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Do you remember your first day of school this year? Many families start planning for the new school year way ahead of time. You might have needed to get a new backpack or new clothes or shoes. You usually need to buy markers and scissors, tape and paper and notebooks. You probably packed your backpack the night before and got a good night’s sleep so that on the first day of school you were awake and ready for a new school year!
This Sunday is the first day in the church’s year, and it is the first Sunday in Advent. The word Advent means “to come.” The season of Advent is the time when we prepare to celebrate Christmas Day and the birth of baby Jesus. Many people decorate their homes during the four weeks of Advent; they put wreaths or greens on their front door, and put bright lights outside, or candles in the windows. Many families have a Christmas tree, decorated with lights and ornaments. Some people get in touch with friends, by sending cards or emails or calling them, to wish them a “Merry Christmas” or “Happy Holidays.”
In today’s scripture, Jesus is talking with his disciples, and tells them to “Keep awake!” and later tells them to “Keep alert!” Jesus wanted them to pay attention, and think about what they are doing and why they are doing, it. As we prepare our homes and make plans for the celebration of Christmas Day, we also need to take time to prepare our selves, our minds and our hearts, and think about what Christmas really means.
Our Christmas traditions can help us prepare. Some families make and share specific foods at Christmas: Christmas breads or cookies, candy canes, pomegranates or hot cocoa. Christmas stories and Christmas hymns and music always help us prepare. Many families create an Advent wreath of five candles; a single candle is lit in the first week of Advent. Someone will light the first Advent candle in church on Sunday.
Some families use Advent calendars, to help them prepare for Christmas. Print this Advent calendar drawn by Thomas Mousin. The calendar begins on Sunday, the first day of Advent, and ends of Christmas Eve. You can color in each day as it comes, or color the whole calendar and check off the days as they arrive. Each day also has a reminder such as “Light one candle” or “”See the moon.” The calendar also includes this lovely poem, which you or your family could read as a prayer:
With Ev’ry passing day, as sunlight disappears,
The dusk descends, and prayers ascend for strength to calm our fears.
Uncertain is this time, when rancor seems to reign,
And illness leaves within its wake such sadness, grief and pain.
Yet soon a star will shine. Look up! Keep watch and wait.
Then hear within a newborn’s cry the love that conquers hate.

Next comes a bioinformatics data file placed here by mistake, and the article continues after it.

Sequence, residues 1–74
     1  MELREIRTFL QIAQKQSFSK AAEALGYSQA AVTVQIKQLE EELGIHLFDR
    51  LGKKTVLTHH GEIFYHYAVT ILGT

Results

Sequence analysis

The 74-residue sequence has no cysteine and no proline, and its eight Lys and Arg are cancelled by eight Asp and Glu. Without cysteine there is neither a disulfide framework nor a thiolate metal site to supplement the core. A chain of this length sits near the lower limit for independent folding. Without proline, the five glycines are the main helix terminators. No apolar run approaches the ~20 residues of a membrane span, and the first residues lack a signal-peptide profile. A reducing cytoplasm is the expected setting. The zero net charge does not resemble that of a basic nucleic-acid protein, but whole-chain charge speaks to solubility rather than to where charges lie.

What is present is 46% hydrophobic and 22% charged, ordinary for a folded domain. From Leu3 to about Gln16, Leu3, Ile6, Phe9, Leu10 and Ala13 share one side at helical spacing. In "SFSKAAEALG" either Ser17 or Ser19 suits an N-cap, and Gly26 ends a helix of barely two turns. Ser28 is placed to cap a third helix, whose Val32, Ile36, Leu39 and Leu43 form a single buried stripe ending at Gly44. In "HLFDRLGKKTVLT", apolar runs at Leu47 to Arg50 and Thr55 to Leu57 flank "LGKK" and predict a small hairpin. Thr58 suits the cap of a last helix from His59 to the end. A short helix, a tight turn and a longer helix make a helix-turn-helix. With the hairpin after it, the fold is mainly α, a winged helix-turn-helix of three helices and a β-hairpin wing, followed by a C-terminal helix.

That love, whose light becomes, the dawn of God’s new day
When peace and justice will prevail and sorrows flee away.
Have you ever heard of a Stone Advent Calendar? First, go on a nature hunt to find 24 stones or rocks to use. Set them up on a path leading to a creche. Each day leading up to Christmas, take one away. It’s a fun way to get ready for Christmas.
I wish you and your family a week of new ADVENTures as you prepare for Christmas.
“Keep alert!” “Look up! Keep watch and wait.”
This week’s Creation Care resources for Families – shared by Rev. Sue & the Creation Care Team:
Green Christmas: Decorations, Feast, and Gifts: Family Activity:
Have an old-fashioned Christmas decorating evening with the kids. String popcorn and cranberries to decorate the tree. Turn dried orange slices into tree ornaments. Sip cocoa, eat homemade Christmas cookies, read a passage from “A Christmas Carol“ by Charles Dickens, and appreciate the joy of the season.
Regenerative Farming: Family Activities:
Solar Energy: Family Activities: Walk around your neighborhood. Count the number of homes with solar. Count the number of new homes under construction that are installing solar. Check out this 5-minute SciToon from Brown University: What is Solar Energy? It’s a great introduction for kids of all ages.
Many years ago, my husband lost his job. Our two sons were young, and I was working part-time – but I was not earning enough to pay for our house and everything we needed. It was a difficult time to find work. During that time, our son’s school had a food drive. I wanted to donate something, but said to a friend, “We just can’t afford to give what we’d like to give.” She reminded me that if everyone gives a little, there will be a lot to share. When I dropped off our donation, I saw tables filled with cans & boxes of food, from the many families who gave “a little.”
This week’s readings and story are about fear and about trust: trust in ourselves, trust in our families, trust in God. In today’s parable (or story) a very wealthy man, who owned lots of land, was planning to go on a long journey. He called together three men who helped him manage his land, and gave them each money; he asked them to take care of the money for him while he was away. The money was paid in “talents”; a talent was worth a lot – probably more than $10,000.
Most of us love to attend celebrations with friends or families, such as family reunions, birthday parties or weddings. When you are getting ready for a special event, you have to plan ahead. You’ll need to do some shopping, for a card or a gift, or for food to share. You might need to dress up. And if you’re in the wedding, you will probably wear a special outfit!
Every family has traditions. Our family has carved or decorated a Halloween pumpkin for many MANY years, but people have been celebrating Halloween for hundreds of years. Halloween is always celebrated on October 31st; Halloween is also called “All Hallow’s Eve” or “The Eve of All Saints Day. All Saints Day is always one day later, on November 1st. All Soul’s Day, or Dia de Muertos (“Day of the Dead”) is celebrated on November 2nd.